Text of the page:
Volume 3 Issue 46

OEM Tie-ups Offer Foot in Door

Despite low margins, tie-ups with original equipment manufacturers are popular with lubricant marketers because of the chance to build brands and grab market share.

Will Chinas Cargo Limit Lift Lube Sales?

China recently introduced a ban on overloading transport vehicles, aiming to improve safety and road management. Some lube suppliers say more trips will increase demand for their products, while others are less optimistic.

Shell Lowers Anchor on Indonesian Marine Oil

Shell now produces nearly 100 products, including marine lubricants, from its almost one-year-old, 120,000 metric tons per year blending plant in Jakarta, Indonesia.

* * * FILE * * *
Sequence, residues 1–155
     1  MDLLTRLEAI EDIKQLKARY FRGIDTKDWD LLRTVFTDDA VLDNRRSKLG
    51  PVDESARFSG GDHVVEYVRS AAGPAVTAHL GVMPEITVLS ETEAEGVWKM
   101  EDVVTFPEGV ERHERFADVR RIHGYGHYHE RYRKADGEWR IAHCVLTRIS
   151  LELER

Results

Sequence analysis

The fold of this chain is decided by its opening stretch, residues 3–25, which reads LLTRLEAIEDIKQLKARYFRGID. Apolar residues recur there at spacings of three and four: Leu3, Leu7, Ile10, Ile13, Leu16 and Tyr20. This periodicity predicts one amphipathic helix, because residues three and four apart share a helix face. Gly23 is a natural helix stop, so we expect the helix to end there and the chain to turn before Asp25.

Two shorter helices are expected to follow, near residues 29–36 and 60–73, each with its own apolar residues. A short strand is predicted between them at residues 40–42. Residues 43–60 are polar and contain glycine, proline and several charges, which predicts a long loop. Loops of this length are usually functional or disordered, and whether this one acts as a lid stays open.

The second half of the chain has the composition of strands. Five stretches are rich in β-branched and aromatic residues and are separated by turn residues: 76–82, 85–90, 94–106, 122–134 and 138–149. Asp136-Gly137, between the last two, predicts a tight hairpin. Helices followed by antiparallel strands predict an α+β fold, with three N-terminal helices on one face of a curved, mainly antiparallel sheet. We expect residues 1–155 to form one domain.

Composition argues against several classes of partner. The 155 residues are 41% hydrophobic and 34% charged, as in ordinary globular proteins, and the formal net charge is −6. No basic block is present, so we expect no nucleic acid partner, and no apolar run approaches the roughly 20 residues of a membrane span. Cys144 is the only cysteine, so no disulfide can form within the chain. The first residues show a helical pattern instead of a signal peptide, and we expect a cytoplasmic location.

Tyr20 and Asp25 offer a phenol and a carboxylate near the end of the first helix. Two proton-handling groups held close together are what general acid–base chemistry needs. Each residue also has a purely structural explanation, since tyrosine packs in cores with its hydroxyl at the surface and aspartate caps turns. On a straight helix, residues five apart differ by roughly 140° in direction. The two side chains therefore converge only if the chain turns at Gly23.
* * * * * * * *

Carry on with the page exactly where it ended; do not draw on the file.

Balmer Lawrie, GP Profits up Double Digits

Balmer Lawrie & Co.s greases and lubricants segment recorded a 17 percent increase in operating profit in its second quarter, and blender GP Petroleums profit nearly doubled.

Briefly Noted

Atiel (the Technical Association of the European Lubricants Industry) published a new online list of lubricant marketers and base stock refiners that have signed letters of conformance with the European Engine Lubricants Quality Management System and Atiels Code of Practice, the prescribed protocols for demonstrating ACEA engine oil sequence performance claims. The list includes at least eight Asian companies. Volume demand for friction modifiers for lubricants and other applications is forecast to grow at a cumulative average annual rate of 5.1 percent through 2026, whereas revenue from those chemicals is expected to grow at a 6.9 percent annually, according to a study by Future Market Insights. Asia-Pacific, excluding Japan, is the biggest regional market with demand of 48,000 tons in 2016.